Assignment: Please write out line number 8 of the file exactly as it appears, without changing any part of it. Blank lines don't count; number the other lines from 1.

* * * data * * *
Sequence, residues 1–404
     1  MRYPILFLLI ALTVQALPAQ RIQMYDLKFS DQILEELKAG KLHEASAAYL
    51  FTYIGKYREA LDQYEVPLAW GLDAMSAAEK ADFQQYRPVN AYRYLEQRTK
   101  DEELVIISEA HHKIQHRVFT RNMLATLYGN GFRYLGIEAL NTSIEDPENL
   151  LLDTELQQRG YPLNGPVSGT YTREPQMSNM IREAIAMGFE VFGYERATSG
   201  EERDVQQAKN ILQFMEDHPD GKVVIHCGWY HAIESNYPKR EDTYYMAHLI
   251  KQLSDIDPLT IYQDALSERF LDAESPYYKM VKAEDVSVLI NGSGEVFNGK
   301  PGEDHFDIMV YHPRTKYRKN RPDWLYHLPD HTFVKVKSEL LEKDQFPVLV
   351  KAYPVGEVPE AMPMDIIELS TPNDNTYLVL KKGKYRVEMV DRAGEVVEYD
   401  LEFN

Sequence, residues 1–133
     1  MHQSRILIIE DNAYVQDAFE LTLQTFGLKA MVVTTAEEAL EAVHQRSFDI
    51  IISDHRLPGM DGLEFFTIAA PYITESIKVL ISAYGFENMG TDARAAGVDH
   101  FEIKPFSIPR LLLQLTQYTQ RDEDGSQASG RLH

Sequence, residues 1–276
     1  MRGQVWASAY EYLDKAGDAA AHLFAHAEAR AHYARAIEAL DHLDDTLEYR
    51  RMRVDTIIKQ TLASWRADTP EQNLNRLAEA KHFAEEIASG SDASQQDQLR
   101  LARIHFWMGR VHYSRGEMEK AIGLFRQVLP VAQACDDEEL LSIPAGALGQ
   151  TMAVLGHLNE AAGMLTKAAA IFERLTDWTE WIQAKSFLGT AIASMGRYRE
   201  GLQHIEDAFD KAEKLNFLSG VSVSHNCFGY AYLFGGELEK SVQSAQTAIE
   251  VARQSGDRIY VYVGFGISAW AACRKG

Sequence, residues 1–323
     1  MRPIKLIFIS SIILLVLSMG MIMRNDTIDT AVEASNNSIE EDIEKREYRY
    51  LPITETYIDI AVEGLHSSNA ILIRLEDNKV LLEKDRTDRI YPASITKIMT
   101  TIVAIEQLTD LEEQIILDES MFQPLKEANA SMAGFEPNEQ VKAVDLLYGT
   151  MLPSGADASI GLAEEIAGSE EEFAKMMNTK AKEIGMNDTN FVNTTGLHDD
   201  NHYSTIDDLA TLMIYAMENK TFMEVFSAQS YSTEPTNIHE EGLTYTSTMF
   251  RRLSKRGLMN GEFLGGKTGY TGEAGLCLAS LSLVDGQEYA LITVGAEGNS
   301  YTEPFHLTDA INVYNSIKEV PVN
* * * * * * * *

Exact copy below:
   301  PGEDHFDIMV YHPRTKYRKN RPDWLYHLPD HTFVKVKSEL LEKDQFPVLV